The desirability of these precious ‘golden’ fleeces is rooted in their rarity, which is inextricably linked to a superlative level of quality, unequalled warmth and an ultra luxurious touch that no man made substitute can match. The fibres that constitute this segment of the market are derived from several different animals.
They grow fleeces of supremely soft, light and warm material, which have aspects within the composition of the fibre that are uniquely adapted to cope with inhospitable extremes of heat and cold. Fabrics made from these fibres seem to express something of these unique environments, and possess an inherent cachet.
Their enduring appeal lies partially in their scarcity and difficulty in processing, many aspects of which are still best done by hand. Despite amazing developments in textile technology, their status in the luxury market remains unchallenged.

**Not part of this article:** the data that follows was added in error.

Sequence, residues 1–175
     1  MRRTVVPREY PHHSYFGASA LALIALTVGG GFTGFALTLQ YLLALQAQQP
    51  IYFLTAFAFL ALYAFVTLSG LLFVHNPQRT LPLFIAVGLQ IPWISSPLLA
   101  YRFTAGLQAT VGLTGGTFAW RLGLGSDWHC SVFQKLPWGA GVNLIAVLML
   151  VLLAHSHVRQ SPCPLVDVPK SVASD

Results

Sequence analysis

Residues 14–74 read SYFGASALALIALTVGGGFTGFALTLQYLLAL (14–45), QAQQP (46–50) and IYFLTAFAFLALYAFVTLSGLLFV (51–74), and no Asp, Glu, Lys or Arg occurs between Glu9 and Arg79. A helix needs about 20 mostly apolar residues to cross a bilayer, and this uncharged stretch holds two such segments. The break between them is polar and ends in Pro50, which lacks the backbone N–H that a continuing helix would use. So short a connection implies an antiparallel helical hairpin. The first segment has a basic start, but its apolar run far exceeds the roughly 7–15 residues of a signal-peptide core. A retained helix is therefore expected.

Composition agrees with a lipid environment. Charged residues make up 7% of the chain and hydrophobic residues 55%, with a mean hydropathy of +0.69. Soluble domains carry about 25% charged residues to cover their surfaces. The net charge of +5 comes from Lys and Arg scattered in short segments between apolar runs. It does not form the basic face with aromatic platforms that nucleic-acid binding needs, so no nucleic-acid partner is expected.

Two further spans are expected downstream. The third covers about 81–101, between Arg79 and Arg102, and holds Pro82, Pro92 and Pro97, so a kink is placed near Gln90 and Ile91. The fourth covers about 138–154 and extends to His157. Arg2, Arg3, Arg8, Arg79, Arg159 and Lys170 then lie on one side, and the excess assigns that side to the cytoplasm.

The creatures that produce theses fibres have evolved over time to produce coats that embody a range of complex and unique properties, and a cycle of fleece adaptation. For example, hair growth on the cashmere goat is generally regarded as being triggered by the shortening daylight hours of late summer and autumn. Although it has been observed that other factors, such as fluctuations in temperature and even slight variables in diet can have an influence on the quality of the cashmere fibre.